Changing PDF Metadata with Python

While updating a pdf recently, I noticed some metadata I wanted to change and a few annotations that were hidden from view but still in the file. However, the "Get Info" pane in Preview on OS X doesn't provide a metadata editor, nor does its Export function, so it seemed like a good opportunity to learn a bit more about the PDF standard and Python packages for getting the job done. Adobe Acrobat or other GUI's would've been much faster, but I'll likely need to do this programmatically again at some point like those of you who might've found this post by looking on your favorite privacy-preserving search engine for "change pdf metadata in python". So here we go.

Before starting, I hopped into a new folder and created a git repository with a first commit of my original pdf in case anything went wrong. Then I ran conda create --name pdf --python=3.8.1 and conda activate pdf to set up an Anaconda virtual Environment named pdf to keep my work isolated. I've found Anaconda to be a simple way of managing Python packages and dependencies after initially trying it because it made launching Jupyter notebooks with various preinstalled packages a breeze.

After browsing in a few places for pdf editing libraries, I first tried pdfrw. While editing metadata based on the code in this example in its GitHub repo was easy, the library had no support for dealing with annotations. Next up was pypdf2, but its removeLinks() method removed annotations (as expected) along with other metadata like title and author info I wanted to preserve (unexpected).

PyMuPDF turned out to have exactly what I needed. I found the deleteAnnot function in the documentation right away and got things working pretty quickly to strip the annotations. In updating the modification date, I noticed a date string I hadn't seen before. Thankfully, there's StackOverflow to the rescue with this entry showing how the elements of the date-time string break down with links to the references. Then it was just a matter of formatting the datetime to the string I needed. The basics of my script are below:
import datetime
import fitz # assumes pymupdf
doc = fitz.open("existing_document.pdf")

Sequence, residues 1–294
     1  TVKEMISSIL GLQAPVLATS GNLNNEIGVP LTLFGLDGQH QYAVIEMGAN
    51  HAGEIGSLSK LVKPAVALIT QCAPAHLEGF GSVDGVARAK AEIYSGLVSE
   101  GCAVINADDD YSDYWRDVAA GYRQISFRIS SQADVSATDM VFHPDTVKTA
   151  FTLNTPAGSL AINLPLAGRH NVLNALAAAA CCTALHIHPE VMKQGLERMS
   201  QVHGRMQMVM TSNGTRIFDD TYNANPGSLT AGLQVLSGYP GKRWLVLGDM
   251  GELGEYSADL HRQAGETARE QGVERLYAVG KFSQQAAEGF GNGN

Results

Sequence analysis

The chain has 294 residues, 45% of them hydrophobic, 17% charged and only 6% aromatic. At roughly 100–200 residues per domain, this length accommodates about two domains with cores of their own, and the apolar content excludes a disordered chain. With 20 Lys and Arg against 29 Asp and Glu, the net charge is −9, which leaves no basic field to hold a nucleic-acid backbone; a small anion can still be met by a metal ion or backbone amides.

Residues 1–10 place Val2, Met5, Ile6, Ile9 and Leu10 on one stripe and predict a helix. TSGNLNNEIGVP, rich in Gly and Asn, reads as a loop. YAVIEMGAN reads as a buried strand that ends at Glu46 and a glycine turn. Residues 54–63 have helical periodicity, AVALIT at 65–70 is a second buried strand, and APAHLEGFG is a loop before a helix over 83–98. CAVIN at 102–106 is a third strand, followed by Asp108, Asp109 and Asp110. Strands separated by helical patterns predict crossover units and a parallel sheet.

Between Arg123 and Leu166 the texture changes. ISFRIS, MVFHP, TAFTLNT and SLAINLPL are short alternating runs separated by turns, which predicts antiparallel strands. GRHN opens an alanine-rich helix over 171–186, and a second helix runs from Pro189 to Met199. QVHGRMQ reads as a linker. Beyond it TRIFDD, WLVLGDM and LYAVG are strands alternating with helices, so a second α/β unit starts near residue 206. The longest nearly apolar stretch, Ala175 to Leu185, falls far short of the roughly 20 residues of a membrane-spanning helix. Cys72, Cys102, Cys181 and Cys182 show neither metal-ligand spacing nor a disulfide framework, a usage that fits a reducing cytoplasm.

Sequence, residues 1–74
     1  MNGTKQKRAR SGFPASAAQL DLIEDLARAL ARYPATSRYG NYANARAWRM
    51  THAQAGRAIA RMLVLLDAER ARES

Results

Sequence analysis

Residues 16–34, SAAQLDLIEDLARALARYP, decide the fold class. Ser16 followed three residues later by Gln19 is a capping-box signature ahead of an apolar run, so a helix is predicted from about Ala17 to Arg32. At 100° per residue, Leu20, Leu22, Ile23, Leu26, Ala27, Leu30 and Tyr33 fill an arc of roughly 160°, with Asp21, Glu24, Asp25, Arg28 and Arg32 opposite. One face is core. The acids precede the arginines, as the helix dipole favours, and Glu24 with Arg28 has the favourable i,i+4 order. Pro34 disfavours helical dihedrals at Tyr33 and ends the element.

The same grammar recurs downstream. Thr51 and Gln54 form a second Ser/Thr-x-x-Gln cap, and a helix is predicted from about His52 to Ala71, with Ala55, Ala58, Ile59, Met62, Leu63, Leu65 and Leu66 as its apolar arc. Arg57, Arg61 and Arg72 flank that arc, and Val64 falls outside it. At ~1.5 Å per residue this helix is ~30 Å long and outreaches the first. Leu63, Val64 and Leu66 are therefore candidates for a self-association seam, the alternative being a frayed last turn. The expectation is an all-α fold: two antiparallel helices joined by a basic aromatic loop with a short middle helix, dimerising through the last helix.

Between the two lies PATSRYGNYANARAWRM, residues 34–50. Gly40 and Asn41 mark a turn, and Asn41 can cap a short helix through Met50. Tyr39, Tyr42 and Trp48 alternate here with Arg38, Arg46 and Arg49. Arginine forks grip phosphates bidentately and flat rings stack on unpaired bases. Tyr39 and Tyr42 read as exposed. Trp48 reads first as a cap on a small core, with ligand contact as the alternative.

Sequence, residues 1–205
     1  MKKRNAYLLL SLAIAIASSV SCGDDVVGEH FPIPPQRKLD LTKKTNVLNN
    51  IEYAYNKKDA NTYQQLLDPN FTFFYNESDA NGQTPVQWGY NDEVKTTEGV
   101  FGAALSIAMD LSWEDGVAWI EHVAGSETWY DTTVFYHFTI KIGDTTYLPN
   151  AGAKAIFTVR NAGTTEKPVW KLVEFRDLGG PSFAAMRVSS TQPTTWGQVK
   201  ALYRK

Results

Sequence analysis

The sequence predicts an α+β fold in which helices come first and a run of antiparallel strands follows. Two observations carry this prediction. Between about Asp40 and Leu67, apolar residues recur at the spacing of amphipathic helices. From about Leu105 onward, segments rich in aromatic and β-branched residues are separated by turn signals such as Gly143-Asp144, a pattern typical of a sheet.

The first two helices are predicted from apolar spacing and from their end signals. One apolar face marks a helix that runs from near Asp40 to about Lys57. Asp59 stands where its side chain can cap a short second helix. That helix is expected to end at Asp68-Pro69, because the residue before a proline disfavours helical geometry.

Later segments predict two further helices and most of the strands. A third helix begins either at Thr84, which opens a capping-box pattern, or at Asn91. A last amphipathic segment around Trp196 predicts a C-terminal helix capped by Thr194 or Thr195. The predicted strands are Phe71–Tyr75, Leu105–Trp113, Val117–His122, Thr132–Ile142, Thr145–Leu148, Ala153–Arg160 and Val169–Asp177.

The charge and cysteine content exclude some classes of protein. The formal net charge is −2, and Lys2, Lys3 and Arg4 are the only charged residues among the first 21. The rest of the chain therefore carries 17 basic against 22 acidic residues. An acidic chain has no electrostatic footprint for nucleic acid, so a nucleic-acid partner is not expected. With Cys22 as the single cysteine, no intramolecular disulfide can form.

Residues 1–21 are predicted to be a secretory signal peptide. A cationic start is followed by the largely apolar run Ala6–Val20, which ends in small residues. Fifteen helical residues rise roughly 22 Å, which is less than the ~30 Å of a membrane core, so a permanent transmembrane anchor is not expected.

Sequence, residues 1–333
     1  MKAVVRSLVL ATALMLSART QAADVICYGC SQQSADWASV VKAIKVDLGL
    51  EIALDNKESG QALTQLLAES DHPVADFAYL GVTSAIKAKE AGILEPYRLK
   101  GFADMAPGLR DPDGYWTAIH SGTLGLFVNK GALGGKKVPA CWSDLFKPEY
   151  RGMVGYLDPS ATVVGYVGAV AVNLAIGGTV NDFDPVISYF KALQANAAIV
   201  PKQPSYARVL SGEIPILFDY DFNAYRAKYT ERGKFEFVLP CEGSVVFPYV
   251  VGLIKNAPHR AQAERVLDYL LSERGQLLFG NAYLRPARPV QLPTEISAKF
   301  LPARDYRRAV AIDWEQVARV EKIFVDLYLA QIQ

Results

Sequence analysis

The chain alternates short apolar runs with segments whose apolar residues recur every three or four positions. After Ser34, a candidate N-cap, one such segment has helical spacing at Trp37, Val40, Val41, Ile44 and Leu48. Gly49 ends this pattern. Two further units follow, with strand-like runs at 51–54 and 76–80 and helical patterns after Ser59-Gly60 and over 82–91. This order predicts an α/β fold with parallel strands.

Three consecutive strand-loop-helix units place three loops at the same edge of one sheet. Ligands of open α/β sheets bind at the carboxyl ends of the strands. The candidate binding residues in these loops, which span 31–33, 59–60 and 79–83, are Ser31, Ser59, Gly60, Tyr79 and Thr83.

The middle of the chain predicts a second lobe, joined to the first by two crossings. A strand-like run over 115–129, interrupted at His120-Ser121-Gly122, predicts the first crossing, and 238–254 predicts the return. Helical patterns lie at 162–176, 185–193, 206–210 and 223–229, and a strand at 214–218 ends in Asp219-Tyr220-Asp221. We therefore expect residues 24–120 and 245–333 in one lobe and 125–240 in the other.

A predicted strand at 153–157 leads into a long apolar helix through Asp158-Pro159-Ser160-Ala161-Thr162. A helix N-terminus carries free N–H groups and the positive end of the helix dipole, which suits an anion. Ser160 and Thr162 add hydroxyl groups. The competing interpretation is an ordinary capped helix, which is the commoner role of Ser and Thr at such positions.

for idx, page in enumerate(doc):
  try:
    while (next(page.annots())):
      annot = next(page.annots())
      page.deleteAnnot(annot)
  except StopIteration:
    print(f'annotations from page {idx + 1} removed')

# use more recent date format
# https://stackoverflow.com/questions/41661477/what-is-the-correct-format-of-a-date-string
if doc.metadata['creationDate'][-1] == "'":
  doc.metadata['creationDate'] = doc.metadata['creationDate'][:-1]

# funky ISO 32000-1:2008 date format
# see https://wwwimages2.adobe.com/content/dam/acom/en/devnet/pdf/pdfs/PDF32000_2008.pdf
formatted_no_utc_offset = datetime.datetime.utcnow().strftime("%Y%m%d%H%M%SZ00'00")
doc.metadata['modDate'] = formatted_no_utc_offset

doc.setMetadata(doc.metadata)

# see https://pymupdf.readthedocs.io/en/latest/document/#setmetadata-example
doc._delXmlMetadata()
doc.save("spiffy_new_document.pdf", garbage = 4)
Maybe there are better libraries, or more Pythonic ways of doing the above, please leave a comment on the GitHub gist with any suggestions. Note that you might still find surprises if you look at the file in a text editor; I thought the removals above were good enough until my curiosity got the better of me and I opened the file in a text editor. It was mostly garbled and not meant to be viewed as plain text, yet I still found my name in what looked like a popup annotation object, despite thinking they were all gone! Yet no comments or annotations showed in any GUIs. I suspected some corrupt data or hidden object was leftover since the file had been around for years and passed through many editors. Who knows.

This answer led me to the qpdf library and I was able to decompress the file, change the string I noticed (preserving the byte length as the answer hints, otherwise the file breaks), and recompress it quickly. This final bit of the exercise served as a good reminder of just how much info gets packed into the innards of files or put in places you're unlikely to notice. As documents age, get updated or passed around organizations, it's important to remember to occasionally take a look at what's lurking in the metadata.

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